The gloomy prediction comes in the latest state of trade survey by the Federation of Master Builders.
Employment levels fell again during the last quarter of 2012 and small builders predict more of the same this year.
Workloads decreased last year, and are expected to keep falling at least for the first half of 2013.
Housing was the only bright spot as the rate at which workloads and employment in the sector fell slowed in the fourth quarter of last year, with many specialist trades reporting the first rise in employment since early 2011.
But there were no positive signs in the non-residential sector where many firms said they may have to introduce price rises as overheads continue to eat into profit margins and the likelihood of lay-offs loomed.
Brian Berry, the FMB’s Chief Executive, said: “These figures reinforce what we already knew that 2012 was a very tough year for construction, and the outlook for 2013 is still bleak.
“The Government’s support for infrastructure spending is good but it needs to look at ways it can boost the building industry, not least the urgent need to build more new homes by freeing up land, easing planning red tape and by pushing investment through its new Business Bank.
“A VAT cut on building work to make homes more energy-efficient would also help provide an immediate boost for small builders and have the multiple benefits of boosting the economy, helping householders save money on their fuel bills and reducing carbon emission
“The construction industry is on a knife-edge as the Construction Skills Network predicts the slump will last at least a decade.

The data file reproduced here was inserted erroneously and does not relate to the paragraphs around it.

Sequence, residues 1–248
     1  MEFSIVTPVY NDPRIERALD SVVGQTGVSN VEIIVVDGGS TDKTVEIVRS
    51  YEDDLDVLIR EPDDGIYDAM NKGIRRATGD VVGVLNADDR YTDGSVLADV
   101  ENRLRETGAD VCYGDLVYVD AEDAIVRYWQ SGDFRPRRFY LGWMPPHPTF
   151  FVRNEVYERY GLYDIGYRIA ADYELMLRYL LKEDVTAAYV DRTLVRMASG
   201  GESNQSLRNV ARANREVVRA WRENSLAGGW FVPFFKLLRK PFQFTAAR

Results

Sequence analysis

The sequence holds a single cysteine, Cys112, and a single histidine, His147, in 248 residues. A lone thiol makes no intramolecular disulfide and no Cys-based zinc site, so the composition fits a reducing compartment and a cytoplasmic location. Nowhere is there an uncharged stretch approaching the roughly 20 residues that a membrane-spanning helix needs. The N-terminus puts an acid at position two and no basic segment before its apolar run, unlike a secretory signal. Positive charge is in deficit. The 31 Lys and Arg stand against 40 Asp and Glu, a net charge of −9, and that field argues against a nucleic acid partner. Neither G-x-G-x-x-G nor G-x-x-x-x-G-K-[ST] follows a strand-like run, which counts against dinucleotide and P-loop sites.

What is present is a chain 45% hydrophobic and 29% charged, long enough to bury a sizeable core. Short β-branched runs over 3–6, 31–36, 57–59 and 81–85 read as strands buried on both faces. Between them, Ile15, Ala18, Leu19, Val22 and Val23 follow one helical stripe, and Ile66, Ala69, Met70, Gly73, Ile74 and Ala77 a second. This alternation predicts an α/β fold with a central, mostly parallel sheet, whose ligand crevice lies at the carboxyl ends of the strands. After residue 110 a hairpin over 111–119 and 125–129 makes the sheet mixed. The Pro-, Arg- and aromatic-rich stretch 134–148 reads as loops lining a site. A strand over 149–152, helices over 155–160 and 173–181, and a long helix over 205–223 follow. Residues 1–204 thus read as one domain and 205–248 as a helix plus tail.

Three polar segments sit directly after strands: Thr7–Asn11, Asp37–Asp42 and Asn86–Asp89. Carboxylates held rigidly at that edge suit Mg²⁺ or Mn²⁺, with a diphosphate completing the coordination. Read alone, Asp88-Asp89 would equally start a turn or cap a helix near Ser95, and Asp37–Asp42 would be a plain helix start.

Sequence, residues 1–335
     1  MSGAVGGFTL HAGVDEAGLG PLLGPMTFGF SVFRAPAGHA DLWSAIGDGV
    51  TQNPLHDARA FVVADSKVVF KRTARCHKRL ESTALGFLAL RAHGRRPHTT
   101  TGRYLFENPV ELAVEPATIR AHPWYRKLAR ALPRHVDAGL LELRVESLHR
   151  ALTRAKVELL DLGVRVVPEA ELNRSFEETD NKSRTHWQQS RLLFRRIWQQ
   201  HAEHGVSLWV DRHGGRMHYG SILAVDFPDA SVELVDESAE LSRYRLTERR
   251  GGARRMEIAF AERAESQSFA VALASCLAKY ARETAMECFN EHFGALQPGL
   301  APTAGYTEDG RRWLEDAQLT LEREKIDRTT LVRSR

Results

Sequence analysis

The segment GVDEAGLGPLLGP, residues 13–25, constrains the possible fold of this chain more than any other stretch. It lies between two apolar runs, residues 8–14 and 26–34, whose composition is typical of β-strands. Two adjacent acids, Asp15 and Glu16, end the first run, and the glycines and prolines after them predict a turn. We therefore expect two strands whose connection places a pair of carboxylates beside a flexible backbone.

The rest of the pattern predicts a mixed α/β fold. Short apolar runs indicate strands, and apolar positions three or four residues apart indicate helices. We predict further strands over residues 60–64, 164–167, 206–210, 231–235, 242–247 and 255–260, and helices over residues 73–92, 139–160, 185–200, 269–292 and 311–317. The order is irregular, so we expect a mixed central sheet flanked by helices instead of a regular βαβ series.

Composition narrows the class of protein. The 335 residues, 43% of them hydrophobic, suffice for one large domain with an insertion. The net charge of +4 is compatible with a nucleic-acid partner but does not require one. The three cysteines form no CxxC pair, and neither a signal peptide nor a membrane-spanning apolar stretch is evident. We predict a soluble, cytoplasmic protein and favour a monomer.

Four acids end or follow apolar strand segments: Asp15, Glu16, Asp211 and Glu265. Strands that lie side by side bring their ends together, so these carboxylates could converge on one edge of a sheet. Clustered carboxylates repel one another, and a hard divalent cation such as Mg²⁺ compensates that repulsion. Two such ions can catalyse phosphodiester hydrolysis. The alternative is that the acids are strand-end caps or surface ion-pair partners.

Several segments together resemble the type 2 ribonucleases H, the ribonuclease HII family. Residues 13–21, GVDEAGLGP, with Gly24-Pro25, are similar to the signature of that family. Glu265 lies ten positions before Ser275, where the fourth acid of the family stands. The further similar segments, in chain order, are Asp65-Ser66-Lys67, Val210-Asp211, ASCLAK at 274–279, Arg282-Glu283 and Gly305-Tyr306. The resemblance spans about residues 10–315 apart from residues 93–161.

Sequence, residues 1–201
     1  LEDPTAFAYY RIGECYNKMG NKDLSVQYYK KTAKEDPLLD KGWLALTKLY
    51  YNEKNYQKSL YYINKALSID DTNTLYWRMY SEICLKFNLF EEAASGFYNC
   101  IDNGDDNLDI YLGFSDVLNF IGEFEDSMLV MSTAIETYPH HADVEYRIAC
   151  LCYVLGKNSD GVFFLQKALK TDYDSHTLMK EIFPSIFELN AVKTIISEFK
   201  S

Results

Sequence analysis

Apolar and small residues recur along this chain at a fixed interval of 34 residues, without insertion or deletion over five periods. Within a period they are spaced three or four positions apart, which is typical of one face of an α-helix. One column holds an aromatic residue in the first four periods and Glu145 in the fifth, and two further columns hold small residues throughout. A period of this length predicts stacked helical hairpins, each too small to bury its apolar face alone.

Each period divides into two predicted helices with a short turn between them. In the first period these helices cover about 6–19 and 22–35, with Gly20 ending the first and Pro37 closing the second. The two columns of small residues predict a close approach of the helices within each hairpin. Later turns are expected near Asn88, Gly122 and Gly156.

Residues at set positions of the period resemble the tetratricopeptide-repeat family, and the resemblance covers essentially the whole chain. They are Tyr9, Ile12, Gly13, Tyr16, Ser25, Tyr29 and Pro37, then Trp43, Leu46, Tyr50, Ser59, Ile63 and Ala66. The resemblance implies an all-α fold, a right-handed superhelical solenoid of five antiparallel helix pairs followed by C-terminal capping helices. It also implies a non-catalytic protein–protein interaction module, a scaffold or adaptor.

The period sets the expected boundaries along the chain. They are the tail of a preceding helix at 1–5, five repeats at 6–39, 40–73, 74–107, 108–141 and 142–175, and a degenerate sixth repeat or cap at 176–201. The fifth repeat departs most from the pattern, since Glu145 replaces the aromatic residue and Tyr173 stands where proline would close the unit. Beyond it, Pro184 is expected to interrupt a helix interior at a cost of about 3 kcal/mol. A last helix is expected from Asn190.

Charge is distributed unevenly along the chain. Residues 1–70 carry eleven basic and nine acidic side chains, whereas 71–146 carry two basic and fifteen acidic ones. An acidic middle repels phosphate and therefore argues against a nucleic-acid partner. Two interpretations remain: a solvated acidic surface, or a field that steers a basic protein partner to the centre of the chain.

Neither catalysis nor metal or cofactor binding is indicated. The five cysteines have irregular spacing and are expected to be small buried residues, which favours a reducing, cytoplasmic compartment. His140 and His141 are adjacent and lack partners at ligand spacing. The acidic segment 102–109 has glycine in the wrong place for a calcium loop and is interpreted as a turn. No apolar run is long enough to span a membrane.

“Our members are perhaps more adaptable and resilient than some larger construction companies that rely heavily on major house-building or big infrastructure projects, but if the Government does not act swiftly and decisively to support SME builders – the backbone of the British construction industry – then we will undoubtedly see more firms going to the wall and job losses across the board in 2013.”
FMB latest State of Trade Survey at a glance:
Workloads continued to decrease in all sectors: The pace of contraction slowed down in the housing sectors, but the opposite was true for non-residential parts of the industry.
The workload indicator continues its downward trend across all regions and devolved nations.
Output prices, wages and salaries and material costs are all expected to go up in the coming six months: Although in the case of output prices and wages and salaries the vast majority of firms stated no change at 60 per cent and 77 per cent respectively.
SME employment continued to decline in Q4: The overall expected employment levels are predicted to fall at a slower rate over the next six months and specialist builders reported a positive balance for first time since the first quarter of 2011.